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Moondrop Stellaris Review – Experimental

Pros –

Good ear tip selection, Attractive hand-painted design, Highly resolving bass performance, Great separation, Energetic treble

Cons –

Thin note body throughout, Metallic midrange timbre hurts versatility, Bulky shells

Verdict –

While the Stellaris’ efficiency and sound ergonomics seem to appeal to broad consumers, its polarising tuning means it inevitably comes across as more of a proof of concept rather than a versatile daily driver.

Introduction –

Moondrop have achieved renown not only for their well-priced models but also their consistent quality regardless of asking price. This is due to their creation and continued adoption of the VDSF target response that was initially inspired by the Harman curve but has slowly evolved over time into Moondrop’s own creation. Accordingly, their in-ears provide a consistent sound profile, one that is usually balanced and natural sounding if slightly different from model to model. The same tuning curve has been applied to many models from their entry-level wireless dynamic ones to their high-end hybrids. The Stellaris is the latest addition that employs the same methodology atop a capable and ever more popular planar-magnetic driver platform. Planar in-ears are becoming ever more popular as they deliver immense technical performance, albeit, with many struggling with wonky tonalities. The Stellaris then seems like a great solution, offering the same benefits yet with the company’s famous target curve tuning. Moreover, the Stellaris is economically positioned, at the same asking price as the dynamic-driver-based Starfield (2).

The Stellaris is available for $109 USD. You can read all about it and treat yourself to a unit on Apos Audio.

Disclaimer –

I would like to thank John very much for reaching out to organise a review of the Stellaris. All words are my own and there is no monetary incentive for a positive review.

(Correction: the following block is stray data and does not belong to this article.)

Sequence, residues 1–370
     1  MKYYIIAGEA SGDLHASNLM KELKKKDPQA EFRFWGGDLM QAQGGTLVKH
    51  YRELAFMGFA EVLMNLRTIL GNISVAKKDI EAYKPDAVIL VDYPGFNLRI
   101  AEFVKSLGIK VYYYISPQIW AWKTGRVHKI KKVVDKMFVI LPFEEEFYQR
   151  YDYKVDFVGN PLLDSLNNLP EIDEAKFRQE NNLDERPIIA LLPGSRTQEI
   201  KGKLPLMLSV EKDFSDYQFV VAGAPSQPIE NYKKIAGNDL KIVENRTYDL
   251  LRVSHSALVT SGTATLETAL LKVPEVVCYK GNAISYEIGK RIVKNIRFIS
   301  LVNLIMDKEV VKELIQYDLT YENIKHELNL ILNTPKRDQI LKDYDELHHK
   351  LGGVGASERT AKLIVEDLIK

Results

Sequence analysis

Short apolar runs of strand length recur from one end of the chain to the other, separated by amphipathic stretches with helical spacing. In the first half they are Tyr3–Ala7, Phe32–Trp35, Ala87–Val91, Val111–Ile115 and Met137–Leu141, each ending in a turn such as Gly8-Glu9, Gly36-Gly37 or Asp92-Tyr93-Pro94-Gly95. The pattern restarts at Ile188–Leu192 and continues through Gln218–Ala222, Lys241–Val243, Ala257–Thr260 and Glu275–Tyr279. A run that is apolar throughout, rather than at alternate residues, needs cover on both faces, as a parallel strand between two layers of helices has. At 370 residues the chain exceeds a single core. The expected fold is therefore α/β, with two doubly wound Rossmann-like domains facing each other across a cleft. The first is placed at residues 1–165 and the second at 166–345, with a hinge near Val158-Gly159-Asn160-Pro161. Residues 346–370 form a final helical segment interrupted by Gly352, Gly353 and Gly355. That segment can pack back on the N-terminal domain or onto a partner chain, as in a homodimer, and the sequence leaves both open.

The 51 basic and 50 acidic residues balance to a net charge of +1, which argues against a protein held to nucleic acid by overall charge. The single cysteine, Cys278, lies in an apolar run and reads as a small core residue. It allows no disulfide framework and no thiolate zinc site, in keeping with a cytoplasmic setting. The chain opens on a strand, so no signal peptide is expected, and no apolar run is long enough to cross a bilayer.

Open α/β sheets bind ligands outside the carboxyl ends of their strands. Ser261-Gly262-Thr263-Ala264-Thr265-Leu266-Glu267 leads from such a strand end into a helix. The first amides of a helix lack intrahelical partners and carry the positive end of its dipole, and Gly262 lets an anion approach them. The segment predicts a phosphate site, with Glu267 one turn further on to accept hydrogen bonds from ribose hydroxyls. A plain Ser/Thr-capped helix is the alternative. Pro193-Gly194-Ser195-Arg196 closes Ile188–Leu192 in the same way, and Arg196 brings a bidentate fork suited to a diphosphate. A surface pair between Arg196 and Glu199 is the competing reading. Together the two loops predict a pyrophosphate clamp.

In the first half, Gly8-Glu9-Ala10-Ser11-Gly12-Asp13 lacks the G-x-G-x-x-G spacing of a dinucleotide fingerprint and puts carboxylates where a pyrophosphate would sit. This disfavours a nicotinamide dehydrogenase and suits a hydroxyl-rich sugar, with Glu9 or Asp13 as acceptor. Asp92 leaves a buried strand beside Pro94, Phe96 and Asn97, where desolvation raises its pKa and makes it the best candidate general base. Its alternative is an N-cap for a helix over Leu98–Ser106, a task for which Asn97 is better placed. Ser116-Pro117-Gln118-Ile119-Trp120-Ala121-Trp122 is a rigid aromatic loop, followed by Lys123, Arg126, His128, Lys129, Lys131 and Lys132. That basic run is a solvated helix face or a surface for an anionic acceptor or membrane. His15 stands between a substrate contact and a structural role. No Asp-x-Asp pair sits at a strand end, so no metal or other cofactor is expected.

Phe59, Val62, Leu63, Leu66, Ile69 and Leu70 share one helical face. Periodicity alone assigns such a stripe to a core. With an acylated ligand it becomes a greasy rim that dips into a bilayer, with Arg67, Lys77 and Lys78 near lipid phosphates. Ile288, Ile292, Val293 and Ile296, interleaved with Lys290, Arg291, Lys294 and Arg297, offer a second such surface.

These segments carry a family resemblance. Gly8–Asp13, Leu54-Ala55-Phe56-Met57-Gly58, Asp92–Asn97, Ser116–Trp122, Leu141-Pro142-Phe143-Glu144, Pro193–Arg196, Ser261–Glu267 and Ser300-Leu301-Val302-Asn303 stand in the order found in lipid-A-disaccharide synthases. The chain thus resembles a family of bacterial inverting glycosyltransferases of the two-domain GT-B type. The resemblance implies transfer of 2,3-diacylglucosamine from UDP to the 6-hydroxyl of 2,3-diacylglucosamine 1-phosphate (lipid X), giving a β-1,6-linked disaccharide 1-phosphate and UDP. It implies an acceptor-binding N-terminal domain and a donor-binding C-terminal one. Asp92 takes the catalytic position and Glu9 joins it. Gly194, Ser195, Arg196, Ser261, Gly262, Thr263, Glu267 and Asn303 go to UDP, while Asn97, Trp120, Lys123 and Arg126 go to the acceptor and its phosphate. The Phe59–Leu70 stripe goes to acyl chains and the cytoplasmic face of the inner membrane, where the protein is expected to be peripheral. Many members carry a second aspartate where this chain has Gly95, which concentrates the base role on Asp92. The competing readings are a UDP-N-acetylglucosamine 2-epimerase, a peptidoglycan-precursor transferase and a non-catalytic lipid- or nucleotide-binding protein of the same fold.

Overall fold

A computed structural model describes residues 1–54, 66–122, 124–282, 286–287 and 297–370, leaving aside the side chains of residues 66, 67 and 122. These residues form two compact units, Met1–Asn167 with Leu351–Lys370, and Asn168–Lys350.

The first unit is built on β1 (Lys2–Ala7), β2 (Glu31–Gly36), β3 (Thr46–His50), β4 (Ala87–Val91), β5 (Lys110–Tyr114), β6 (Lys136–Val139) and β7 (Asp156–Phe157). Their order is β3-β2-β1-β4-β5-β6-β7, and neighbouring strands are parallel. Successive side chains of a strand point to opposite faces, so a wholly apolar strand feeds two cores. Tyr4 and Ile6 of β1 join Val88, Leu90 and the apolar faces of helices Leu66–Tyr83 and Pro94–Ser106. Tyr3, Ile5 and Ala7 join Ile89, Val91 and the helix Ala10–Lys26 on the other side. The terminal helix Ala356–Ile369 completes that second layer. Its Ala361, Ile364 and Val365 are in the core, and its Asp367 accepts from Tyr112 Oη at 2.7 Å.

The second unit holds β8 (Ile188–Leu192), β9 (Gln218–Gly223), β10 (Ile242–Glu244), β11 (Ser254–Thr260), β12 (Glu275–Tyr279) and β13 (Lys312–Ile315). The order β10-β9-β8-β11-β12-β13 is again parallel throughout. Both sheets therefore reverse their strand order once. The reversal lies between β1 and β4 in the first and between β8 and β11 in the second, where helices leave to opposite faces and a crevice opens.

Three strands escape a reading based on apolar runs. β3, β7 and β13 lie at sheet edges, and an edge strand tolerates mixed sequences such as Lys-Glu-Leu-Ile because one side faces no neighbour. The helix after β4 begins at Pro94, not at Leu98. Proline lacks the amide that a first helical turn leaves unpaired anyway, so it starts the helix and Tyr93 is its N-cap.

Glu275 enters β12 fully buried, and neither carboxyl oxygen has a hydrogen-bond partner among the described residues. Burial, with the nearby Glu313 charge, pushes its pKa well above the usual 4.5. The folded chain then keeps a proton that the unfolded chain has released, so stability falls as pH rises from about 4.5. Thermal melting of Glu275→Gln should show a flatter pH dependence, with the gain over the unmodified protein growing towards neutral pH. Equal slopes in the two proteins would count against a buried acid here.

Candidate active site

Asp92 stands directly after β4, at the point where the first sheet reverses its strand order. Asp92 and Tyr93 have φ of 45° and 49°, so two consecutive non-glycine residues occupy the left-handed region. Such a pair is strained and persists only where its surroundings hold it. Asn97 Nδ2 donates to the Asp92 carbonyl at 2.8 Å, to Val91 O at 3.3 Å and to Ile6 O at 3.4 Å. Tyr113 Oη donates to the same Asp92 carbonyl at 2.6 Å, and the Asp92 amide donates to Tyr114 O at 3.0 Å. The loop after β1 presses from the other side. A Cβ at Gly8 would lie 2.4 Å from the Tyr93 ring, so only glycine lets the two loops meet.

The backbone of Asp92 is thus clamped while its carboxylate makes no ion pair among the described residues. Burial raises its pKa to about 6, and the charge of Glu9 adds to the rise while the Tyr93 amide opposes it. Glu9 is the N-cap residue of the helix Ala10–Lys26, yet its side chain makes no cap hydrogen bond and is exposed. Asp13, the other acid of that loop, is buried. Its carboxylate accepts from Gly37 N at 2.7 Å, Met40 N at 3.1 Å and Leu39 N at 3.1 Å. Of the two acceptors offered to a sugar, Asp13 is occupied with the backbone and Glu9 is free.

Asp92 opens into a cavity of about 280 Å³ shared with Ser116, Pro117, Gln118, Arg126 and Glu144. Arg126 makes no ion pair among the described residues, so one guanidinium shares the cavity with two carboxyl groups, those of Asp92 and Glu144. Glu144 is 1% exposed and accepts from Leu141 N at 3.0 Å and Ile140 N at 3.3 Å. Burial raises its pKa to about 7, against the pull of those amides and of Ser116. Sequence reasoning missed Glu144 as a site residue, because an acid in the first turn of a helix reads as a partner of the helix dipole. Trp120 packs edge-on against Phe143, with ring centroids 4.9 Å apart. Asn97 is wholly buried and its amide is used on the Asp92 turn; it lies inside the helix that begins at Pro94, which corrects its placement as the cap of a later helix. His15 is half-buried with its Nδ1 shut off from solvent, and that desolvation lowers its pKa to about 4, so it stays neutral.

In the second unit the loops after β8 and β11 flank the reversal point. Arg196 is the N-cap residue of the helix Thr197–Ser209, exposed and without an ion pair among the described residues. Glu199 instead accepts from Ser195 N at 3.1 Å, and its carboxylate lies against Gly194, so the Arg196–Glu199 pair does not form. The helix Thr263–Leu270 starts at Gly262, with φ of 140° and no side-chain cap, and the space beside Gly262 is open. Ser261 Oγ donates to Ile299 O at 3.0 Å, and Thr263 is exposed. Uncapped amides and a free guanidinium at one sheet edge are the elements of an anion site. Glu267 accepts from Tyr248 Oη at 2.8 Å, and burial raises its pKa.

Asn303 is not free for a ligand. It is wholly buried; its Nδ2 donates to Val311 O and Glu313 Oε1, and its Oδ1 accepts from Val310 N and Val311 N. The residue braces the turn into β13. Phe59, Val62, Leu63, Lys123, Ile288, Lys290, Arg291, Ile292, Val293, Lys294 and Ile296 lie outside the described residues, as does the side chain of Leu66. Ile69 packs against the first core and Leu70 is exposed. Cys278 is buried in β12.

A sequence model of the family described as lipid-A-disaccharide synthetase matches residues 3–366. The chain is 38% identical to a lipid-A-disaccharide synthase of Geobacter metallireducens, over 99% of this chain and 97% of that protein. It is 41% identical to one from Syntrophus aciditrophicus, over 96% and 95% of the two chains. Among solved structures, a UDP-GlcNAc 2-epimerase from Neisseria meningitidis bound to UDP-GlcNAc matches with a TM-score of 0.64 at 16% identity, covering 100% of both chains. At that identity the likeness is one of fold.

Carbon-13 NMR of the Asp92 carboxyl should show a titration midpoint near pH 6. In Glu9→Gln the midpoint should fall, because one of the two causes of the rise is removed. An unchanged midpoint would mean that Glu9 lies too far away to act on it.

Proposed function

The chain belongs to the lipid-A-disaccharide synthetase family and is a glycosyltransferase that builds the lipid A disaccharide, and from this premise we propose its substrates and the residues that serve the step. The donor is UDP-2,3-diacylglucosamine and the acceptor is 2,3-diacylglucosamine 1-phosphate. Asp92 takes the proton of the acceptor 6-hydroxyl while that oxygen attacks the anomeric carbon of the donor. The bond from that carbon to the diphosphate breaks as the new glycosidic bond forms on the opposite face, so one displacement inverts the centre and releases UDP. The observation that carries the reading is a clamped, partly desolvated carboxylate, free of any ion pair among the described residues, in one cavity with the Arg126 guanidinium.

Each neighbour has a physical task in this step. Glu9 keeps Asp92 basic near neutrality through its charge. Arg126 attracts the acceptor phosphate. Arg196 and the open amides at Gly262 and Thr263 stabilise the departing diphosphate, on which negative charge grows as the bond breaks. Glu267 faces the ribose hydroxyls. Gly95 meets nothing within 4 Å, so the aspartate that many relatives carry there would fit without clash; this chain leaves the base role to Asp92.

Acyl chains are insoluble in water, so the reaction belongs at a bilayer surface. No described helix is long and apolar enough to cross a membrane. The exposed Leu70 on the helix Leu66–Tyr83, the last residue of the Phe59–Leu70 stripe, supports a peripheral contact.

Contents –

Specifications –

  • Driver: 14.5mm Planar Magnetic
  • Frequency Response: 10 Hz – 50 kHz
  • Impedance: 36 Ohms
  • Sensitivity: 117 dB

Behind the Design –

Planar Driver

I believe most are familiar with the mechanics of planar drivers these days. They offer inherent advantages over dynamic drivers due to a more uniform motor design and often, a larger diaphragm too. The Stellaris uses a 14.5mm driver with a high precision fully symmetrical array of magnetic circuits, 7 per side of the diaphragm, sporting N52H neodymium magnets. This allows the driver to produce 1 Tesla of magnetic flux up there with the best dynamic driver IEMs. The diaphragm itself is just 1um in thickness with a 2um etching circuit offering a fast transient response and low distortion.

Iridescent Shells

Like the Starfield, the Stellaris has a painted iridescent metal shell in signature blue with glitter speck and gold hand-painted pattern embroidery. Moondrop has designed the internals of the shell to offer phase coherence and optimize the frequency response of the driver to match their intended VDSF curve.

Ear Tips

Tips play a good role in the sound performance of an IEM and Moondrop has not neglected this. Included are their MIS-Tip foam tips and U.C. Ear-tips (ultra-clear). The U.C. tips are being especially highlighted and were designed by their high-end Softears team. These tips are made from high-permeability liquid silicone offering a more ergonomic fit but also less ear canal pressure to improve the perception of bass response.

Unboxing –